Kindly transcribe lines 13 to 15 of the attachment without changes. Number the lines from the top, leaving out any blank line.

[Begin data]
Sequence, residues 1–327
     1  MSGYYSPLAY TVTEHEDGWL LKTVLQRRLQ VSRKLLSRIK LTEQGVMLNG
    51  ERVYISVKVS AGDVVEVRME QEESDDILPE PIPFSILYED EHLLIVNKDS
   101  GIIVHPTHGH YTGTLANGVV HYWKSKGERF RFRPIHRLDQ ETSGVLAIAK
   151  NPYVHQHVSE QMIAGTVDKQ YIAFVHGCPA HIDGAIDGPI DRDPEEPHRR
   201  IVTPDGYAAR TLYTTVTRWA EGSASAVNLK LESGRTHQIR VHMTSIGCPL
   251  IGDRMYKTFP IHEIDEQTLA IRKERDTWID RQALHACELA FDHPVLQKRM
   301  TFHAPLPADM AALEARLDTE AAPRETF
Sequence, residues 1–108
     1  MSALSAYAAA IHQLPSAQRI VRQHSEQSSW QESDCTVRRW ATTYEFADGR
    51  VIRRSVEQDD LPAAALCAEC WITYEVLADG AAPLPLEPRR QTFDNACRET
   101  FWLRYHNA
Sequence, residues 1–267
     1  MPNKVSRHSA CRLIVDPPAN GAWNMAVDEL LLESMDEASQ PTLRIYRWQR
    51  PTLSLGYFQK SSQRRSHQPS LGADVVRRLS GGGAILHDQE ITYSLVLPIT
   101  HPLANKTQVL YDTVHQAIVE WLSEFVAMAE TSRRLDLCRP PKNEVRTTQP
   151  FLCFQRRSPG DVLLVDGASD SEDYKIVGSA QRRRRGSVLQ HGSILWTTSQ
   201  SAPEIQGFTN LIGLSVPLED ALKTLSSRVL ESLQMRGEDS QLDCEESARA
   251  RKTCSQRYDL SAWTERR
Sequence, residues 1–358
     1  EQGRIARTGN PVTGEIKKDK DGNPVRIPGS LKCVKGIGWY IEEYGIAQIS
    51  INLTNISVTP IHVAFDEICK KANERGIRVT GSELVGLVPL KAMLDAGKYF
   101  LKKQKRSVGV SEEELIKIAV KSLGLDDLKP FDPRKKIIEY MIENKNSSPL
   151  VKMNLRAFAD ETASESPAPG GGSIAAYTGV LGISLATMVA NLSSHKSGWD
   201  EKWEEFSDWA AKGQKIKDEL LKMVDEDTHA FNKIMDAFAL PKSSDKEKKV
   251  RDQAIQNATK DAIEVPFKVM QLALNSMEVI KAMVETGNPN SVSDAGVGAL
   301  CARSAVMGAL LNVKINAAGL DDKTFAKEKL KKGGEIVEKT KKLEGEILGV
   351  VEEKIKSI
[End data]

Sequence, residues 1–267
     1  MPNKVSRHSA CRLIVDPPAN GAWNMAVDEL LLESMDEASQ PTLRIYRWQR
    51  PTLSLGYFQK SSQRRSHQPS LGADVVRRLS GGGAILHDQE ITYSLVLPIT